Big Business Likes to Push the Boundaries

Photo by Emily Jahn. Birch Lake, BWCAW

Photo by Emily Jahn. Birch Lake, BWCAW

The Boundary Waters Canoe Area Wilderness, a vast system of lakes and rivers in Northern Minnesota, sees thousands of visitors every year for its fishing, canoeing and camping, making it one of America’s most popular wilderness destinations. I spent two summers there as a guide, leading 5-10 day treks through around 1,200 miles of water and 1.1 million acres of forest filled with black bears, moose, osprey, eagles, beavers, loons and wolves. It’s one of the most beautiful places I’ve ever seen. The park has some of the cleanest water in the world, so clear that on a good day you can see twenty feet down and watch northern pike flash under your canoe. For all it has to offer to visitors, its future is uncertain, as with many  of America’s dwindling wild places.

A looming threat to the park is a proposal to mine for sulfide ores just outside the Boundary Waters along the South Kawishwi River, which feeds into the park. Andrónico Luksic, one of the owners of Antofagasta Minerals, the Chilean company that will profit immensely from the project, is also the Washington DC landlord of Ivanka Trump and Jared Kushner. Coincidentally, the Trump administration has chosen to renew two mining leases on the edge of the park. Copper, nickel and other metals would be extracted from the ore while the sulfuric acid byproduct of this type of mining would poison the entire water system, threatening not only the Boundary Waters, but also the nearby Voyageurs National Park and the Quetico Provincial Park in Ontario if the mines are developed.

Water doesn’t recognize national park boundaries. Allowing this type of mining just outside the park would be extremely damaging, and it’s not the only situation of its kind.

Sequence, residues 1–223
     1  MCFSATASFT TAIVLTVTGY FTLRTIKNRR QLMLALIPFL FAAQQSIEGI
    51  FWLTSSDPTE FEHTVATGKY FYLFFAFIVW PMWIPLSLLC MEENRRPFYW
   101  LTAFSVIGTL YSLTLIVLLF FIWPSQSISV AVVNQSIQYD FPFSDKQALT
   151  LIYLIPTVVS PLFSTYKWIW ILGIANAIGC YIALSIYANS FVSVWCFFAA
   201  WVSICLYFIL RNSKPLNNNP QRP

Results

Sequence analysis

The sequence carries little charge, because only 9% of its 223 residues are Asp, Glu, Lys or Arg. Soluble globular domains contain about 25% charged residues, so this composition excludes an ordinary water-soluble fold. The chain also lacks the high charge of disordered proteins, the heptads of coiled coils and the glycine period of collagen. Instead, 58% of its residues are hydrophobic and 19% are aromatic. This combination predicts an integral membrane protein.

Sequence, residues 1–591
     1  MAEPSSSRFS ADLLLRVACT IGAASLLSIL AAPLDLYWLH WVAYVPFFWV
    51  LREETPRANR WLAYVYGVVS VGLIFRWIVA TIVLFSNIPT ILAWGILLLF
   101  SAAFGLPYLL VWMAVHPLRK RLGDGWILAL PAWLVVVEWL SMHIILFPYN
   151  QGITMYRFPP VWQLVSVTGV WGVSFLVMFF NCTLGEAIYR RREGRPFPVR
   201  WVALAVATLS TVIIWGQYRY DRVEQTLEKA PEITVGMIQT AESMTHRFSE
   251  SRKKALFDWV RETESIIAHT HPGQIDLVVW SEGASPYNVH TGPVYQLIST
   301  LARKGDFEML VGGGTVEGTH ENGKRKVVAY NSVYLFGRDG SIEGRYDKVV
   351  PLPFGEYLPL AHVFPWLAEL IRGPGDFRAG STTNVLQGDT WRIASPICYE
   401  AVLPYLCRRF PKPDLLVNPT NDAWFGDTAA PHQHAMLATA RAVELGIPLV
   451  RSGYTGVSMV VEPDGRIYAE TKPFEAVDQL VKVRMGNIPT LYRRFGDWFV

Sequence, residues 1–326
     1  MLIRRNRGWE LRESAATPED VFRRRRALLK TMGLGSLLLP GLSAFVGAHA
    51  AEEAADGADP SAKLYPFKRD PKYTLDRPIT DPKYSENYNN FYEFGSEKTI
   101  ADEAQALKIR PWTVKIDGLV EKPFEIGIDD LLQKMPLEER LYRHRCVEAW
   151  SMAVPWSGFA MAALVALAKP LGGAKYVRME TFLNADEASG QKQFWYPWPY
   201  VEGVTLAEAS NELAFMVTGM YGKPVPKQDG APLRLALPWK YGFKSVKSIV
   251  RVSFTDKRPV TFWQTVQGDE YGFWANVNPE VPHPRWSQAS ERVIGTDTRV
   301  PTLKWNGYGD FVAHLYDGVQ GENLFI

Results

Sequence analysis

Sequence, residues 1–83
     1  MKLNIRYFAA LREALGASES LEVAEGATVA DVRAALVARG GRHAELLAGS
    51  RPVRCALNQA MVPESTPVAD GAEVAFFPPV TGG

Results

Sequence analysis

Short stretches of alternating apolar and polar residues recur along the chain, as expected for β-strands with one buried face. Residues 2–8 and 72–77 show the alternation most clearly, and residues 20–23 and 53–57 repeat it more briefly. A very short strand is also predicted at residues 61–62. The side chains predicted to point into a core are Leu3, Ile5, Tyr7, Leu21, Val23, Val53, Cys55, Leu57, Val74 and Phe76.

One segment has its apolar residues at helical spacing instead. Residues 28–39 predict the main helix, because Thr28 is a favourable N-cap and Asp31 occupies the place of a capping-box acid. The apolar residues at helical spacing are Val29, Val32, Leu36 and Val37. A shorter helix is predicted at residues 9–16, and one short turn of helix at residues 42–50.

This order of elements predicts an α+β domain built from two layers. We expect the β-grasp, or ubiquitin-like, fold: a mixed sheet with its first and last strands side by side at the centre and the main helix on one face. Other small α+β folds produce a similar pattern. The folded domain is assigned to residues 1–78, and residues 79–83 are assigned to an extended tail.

Chaco Canyon National Historical Park is next in line to be another victim of fracking in Northwestern New Mexico. Chaco Canyon is on the UNESCO World Heritage List for its numerous sacred and ceremonial Native American historical sites, such as Pueblo Bonito, a once thriving Native American dwelling place. These sites, however, are now being threatened by corporations in search of natural gas and oil as well as a proposed crude oil pipeline.

Fracking is an extremely damaging technique for extracting natural gas which pollutes freshwater with toxic chemicals. The poisoned water is forced underground to expel natural gas lodged in shale deposits in a process known to cause earthquakes, posing a threat to the Native American sites in Chaco Canyon, should such natural gas companies be allowed to proceed.

Fracking in itself is terribly destructive, but fracking outside national heritage sites is even more troubling. Keeping these places pristine often extends outside their boundaries. Just because an area is designated as wilderness (as in the case of the Boundary Waters), or a national heritage site like Chaco Canyon, it doesn’t necessarily mean these places are safe from exploitation and damage. Yes, we all like copper to keep our cell phones running and oil to keep our cars going. And we like these things to be affordable. It’s easy, with the overabundance of issues clamoring for our attention these days, to let national parks fall by the wayside. But what America’s wilderness represents is irreplaceable.

I spent countless starry nights in the Boundary Waters, waking up to a spectacular sunrise over a misty lake, still as glass. Big business will always be pushing their boundaries, but these places are worth preserving in a world where natural beauty is increasingly hard to come by.